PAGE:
* Of the big 4 carriers (~85% of all mobile users) half have a CDMA legacy and half GSM, so those phones you bought could only work on 2 of the 4 carriers anyway

* And even that wouldn't be enough. Many cheap GSM phones are tri-band. To work with voice in the US they need to be quad band (also support 850MHz). There are various issues with the data frequencies too (eg Tmobile's AWS band) and even differing LTE bands for newer/more expensive phones

* If you care about coverage then you generally have to go with one of the big 3 (tmobile has notoriously poor coverage except in the most populated areas). If you use an MVNO then you are typically limited to the hosting carrier's network only. As an example I'm a tmobile subscriber, but in various areas a lot of their coverage is actually provided as a transparent roaming arrangement by AT&T - you don't see roaming on your phone. Similarly Verizon and Sprint have roaming in various places. But when using an MVNO you would using the native underlying carrier coverage only which will be a lot smaller footprint.

* All phones have to pass the FCC certification which is added expense and time especially if your sales aren't going to be that high

* People don't visit other countries as much (proportionally). You could fit the UK (including NI, Shetland, Jersey etc) in 2/3rds of California. Montana is the same size as Germany. This means a huge internal market with virtually no external influence or need for interoperability. That said the Canadian market is even more messed up than the US one. I don't know about Mexico.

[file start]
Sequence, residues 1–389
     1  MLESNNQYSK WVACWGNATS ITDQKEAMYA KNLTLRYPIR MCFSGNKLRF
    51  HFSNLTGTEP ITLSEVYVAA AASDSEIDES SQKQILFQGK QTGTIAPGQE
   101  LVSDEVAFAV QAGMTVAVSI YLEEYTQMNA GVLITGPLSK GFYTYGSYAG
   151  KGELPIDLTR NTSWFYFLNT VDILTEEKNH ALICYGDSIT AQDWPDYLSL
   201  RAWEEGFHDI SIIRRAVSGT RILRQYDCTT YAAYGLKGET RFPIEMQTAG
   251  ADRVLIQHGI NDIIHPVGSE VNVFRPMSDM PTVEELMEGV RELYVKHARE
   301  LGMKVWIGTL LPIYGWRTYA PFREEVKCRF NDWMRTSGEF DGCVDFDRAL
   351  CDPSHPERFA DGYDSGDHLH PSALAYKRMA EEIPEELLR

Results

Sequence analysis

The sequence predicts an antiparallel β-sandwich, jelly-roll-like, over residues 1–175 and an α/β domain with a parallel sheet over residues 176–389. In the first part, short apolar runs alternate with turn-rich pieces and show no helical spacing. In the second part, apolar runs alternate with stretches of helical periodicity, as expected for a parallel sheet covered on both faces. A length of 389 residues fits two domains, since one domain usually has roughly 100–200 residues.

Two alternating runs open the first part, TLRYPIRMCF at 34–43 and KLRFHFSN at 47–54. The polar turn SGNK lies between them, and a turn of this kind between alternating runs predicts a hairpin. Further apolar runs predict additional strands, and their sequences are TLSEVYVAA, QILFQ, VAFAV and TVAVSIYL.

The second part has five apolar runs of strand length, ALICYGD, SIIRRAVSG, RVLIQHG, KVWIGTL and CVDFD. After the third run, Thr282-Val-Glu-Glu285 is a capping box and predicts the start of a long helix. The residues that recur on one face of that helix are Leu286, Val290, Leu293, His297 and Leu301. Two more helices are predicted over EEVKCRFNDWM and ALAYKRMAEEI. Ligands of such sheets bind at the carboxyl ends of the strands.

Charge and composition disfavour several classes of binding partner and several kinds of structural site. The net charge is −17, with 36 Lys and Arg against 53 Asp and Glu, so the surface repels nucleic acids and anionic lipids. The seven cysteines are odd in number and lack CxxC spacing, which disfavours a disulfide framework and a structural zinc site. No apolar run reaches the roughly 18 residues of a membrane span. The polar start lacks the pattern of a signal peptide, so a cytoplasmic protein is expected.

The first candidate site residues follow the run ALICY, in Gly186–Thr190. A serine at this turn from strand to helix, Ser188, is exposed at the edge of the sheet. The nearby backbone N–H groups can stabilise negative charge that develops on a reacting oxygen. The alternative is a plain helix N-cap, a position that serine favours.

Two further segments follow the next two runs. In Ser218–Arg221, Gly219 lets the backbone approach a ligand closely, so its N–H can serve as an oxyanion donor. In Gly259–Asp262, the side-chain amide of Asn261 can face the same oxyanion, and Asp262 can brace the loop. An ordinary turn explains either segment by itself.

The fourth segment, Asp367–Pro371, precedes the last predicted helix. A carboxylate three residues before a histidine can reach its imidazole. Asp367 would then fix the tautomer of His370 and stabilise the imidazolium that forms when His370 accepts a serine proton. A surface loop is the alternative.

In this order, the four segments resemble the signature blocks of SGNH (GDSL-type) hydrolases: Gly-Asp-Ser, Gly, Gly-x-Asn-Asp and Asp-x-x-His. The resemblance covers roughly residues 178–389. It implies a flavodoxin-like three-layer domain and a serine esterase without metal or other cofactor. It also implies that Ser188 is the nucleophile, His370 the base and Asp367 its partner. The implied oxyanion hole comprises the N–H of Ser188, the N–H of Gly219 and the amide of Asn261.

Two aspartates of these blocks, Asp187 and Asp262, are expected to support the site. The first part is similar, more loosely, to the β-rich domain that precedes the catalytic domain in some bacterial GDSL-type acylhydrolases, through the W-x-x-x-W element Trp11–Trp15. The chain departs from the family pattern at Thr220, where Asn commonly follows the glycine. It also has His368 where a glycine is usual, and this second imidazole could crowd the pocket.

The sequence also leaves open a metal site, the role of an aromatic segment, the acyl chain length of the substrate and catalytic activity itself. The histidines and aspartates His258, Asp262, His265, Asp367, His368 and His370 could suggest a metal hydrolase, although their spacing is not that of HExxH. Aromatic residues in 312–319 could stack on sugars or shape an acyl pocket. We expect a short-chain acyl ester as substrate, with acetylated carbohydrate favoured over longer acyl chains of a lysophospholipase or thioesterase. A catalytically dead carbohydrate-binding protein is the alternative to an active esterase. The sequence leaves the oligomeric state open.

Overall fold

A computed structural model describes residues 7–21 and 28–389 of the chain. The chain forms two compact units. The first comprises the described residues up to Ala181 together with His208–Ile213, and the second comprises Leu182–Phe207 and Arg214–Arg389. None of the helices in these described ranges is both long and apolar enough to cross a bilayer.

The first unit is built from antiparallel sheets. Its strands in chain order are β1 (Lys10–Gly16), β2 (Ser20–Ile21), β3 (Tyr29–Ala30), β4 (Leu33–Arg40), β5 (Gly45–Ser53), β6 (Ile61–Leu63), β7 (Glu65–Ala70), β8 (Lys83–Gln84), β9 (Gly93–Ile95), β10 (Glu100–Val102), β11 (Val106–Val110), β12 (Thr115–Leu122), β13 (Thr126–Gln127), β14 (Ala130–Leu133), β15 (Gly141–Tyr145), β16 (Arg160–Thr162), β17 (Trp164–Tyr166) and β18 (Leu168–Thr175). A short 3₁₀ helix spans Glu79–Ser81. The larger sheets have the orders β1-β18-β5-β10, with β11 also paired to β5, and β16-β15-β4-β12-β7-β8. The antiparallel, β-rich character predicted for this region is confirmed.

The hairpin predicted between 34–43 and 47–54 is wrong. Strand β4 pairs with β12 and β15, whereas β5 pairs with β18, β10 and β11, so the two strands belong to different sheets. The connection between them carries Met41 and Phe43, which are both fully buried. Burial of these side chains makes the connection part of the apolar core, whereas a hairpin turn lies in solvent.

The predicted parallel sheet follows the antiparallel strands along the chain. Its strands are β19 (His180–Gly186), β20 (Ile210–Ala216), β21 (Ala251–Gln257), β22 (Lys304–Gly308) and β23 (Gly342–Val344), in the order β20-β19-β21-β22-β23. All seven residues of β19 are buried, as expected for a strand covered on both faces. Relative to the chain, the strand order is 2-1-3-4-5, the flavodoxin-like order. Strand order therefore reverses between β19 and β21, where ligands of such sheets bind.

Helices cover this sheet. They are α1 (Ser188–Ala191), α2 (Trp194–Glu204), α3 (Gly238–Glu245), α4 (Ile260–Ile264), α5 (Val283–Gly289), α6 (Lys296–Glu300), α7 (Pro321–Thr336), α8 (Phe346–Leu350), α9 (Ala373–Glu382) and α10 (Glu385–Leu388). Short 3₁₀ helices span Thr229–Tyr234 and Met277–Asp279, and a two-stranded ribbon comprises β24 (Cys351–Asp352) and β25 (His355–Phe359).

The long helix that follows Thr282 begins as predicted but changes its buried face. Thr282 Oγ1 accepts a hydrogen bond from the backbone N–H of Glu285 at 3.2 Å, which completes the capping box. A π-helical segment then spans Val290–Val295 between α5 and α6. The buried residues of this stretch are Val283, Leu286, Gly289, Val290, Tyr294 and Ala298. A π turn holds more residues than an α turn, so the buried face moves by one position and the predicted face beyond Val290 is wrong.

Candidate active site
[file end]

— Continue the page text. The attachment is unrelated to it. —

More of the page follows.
That said you can buy some cheap phones including below $100 - eg see Walmart http://goo.gl/yoABV but note they are usually locked to a prepaid carrier! This http://goo.gl/KiUje is what consumers usually see - the subsidised prices which get you better phones at "cheaper" prices.

5 out of the top 10 mobile providers in the world are on that list


Any idea why? Too new or maybe because Mozilla is not corporate backed? I thought telcos hated the fact that just Android and iPhone were it

looking at how the galaxy nexus was treated on Verizon, I doubt they have much interest. Verizon would probably be for measures to prevent the bootloader from being unlocked and want control of updates.

Mozilla probably doesn't want to agree to those terms either, so I would be surprised if Verizon ever had one.

Just my experience with being a long time Verizon user and Android OS hobbyist modder.

Technically they could just take FirefoxOS and lock it down if they wanted - Mozilla's approval is not needed